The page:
Substantial reforms are needed, including to codes of practice, and governance of environmental assessments and research, so that scientific advice can be reported openly, in a timely manner and free from interference.

Driscoll DA, Garrard GE, Kusmanoff AM, Dovers S, Maron M, Preece N, Pressey RL, Ritchie EG (2020) Consequences of information suppression in ecological and conservation sciences. Conservation Letters PDF DOI

The Conversation: Predators, prey and moonlight singing: how phases of the Moon affect native wildlife

Image credits: Wes Mountain / The Conversation

By Euan Ritchie (Deakin University), Courtney Marneweck (Clemson University), and Grant Linley (Charles Sturt University).

This article is republished from The Conversation under a Creative Commons license. Read the original article.

Humans have long been inspired and transfixed by the Moon, and as we’re discovering, moonlight can also change the behaviour of Australian wildlife.

A collection of recently published research has illuminated how certain behaviours of animals – including potoroos, wallabies and quolls – change with variation in ambient light, phases of the Moon and cloud cover.

One study found small mammals were more active on cloudy nights. Another found variation in moonlight led to differing amounts of species captured in non-lethal traps. And a study on willie wagtails found males just love singing on a full moon.

These findings are interesting from a natural history perspective. But they’ll also help ecologists and conservation scientists better locate and study nocturnal animals, and learn how artificial light pollution is likely changing where animals can live and how they behave.

Moonlit predator-prey games of hide and seek

Most of Australia’s mammals are nocturnal, and some smaller species are thought to use the cover of darkness to avoid the attention of hungry predators. However, there’s much we don’t know about such relationships, especially because it can be difficult to study these interactions in the wild.

In the relatively diverse mammal community at Mt Rothwell, Victoria, we examined how variation in ambient light affected species’ activity, and how this might influence species interactions. Mt Rothwell is a fenced conservation reserve free of feral cats and foxes, and with minimal light pollution.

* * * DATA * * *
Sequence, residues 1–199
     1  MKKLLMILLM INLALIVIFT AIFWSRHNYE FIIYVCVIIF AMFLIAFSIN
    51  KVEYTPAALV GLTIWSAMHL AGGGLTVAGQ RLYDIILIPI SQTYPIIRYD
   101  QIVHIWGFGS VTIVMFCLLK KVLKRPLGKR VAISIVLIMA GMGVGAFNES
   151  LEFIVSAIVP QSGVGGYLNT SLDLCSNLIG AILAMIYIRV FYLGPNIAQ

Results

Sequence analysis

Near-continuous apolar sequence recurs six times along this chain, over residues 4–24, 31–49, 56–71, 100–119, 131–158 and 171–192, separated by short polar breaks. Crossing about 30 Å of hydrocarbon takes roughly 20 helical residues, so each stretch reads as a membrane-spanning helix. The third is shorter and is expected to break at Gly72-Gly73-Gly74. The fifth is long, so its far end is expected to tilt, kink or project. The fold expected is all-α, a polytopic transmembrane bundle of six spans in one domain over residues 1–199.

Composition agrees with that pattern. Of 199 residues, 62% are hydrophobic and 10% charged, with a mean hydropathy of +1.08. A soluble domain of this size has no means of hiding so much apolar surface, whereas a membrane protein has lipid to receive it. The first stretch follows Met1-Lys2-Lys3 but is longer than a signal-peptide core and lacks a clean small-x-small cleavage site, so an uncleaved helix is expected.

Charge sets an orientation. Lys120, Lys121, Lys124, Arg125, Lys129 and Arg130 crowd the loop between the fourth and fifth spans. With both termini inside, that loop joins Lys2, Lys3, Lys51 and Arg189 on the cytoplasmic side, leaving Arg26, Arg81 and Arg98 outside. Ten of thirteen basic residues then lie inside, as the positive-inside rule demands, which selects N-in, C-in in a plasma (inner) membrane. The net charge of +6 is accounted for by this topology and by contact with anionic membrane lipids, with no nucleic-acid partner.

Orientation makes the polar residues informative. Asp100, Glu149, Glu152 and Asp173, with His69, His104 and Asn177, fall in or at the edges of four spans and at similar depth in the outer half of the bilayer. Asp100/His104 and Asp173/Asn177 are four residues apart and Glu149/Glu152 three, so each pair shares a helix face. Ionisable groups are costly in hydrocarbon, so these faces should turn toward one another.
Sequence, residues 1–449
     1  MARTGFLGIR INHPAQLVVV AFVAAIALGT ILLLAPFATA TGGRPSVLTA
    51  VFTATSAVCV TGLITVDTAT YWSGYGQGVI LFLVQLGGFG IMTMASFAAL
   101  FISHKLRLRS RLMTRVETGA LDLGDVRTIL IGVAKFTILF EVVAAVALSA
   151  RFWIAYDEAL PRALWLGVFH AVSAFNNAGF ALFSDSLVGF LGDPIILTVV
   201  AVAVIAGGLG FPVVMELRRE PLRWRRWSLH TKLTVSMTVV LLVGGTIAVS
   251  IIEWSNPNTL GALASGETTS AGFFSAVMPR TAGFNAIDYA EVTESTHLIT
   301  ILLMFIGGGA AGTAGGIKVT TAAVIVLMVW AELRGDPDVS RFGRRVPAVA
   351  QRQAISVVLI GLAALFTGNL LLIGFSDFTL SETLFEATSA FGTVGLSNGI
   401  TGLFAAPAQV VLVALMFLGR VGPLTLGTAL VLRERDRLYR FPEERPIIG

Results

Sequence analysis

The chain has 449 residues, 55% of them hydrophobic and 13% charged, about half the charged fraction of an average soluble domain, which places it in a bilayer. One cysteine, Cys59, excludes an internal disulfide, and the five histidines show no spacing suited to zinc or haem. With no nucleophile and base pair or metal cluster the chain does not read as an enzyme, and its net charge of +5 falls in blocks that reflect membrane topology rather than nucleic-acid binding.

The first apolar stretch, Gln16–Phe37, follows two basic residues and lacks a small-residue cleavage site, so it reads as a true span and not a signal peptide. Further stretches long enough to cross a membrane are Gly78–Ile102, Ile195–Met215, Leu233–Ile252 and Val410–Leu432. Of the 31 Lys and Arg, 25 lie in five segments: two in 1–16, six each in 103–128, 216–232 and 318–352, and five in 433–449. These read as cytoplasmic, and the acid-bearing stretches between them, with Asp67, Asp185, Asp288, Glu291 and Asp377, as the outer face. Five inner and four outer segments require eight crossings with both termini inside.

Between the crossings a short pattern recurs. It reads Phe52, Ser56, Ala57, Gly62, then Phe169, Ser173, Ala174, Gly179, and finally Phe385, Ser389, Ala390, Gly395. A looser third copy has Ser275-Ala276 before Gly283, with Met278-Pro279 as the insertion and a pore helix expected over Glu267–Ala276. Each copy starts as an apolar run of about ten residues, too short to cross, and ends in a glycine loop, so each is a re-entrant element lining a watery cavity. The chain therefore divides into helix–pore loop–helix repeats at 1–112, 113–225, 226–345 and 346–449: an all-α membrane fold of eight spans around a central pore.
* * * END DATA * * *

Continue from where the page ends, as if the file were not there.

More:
Over two years, we surveyed the responses of predator and prey species to different light levels from full, half and new moon phases.

Potential prey species in our study included eastern barred and southern brown bandicoots, long-nosed potoroos, brushtailed rock-wallabies, and brushtail and common ringtail possums. Eastern and spotted-tailed quolls are their potential predators.

Just as we predicted, we found that while there does appear to be relationships between cloud cover, Moon phase and mammal activity, these interactions depend on the sizes and types of mammals involved.

Both predators and prey generally increased their activity in darker conditions.
Smaller, prey species increased their activity when cloud cover was higher, and predators increased their activity during the half and new moon phases.

This suggests their deadly game of hide and seek might intensify on darker nights. And prey might have to trade off foraging time to reduce their chances of becoming the evening meal.

What happens in the wild?

It’s important to acknowledge that studies in sanctuaries such as Mt Rothwell might not always reflect well what goes on in the wild, including in areas where introduced predators, such as feral cats and red foxes, are found.

Another recent study, this time of small mammals in the wilds of Victoria’s Mallee region, sheds further light on the situation. The authors tested if variation in weather and Moon phase affected the numbers of five small mammal species – Bolam’s mouse, common dunnart, house mouse, southern ningaui, and western pygmy possum – captured in pitfall traps.

Pitfall traps are long fences small animals can’t climb over or through, so follow along the side until they fall into a bucket dug in the ground. Ecologists typically use these traps to capture and measure animals and then return them to the wild, unharmed.

At more than 260 sites and over more than 50,000 trap nights, they found wind speed, temperature and moonlight influenced which species were caught and in what numbers.

For example, captures of a small native rodent, Bolam’s mouse, and carnivorous marsupial, southern ningaui, decreased with more moonlight, whereas captures of pygmy possums were higher with more moonlight.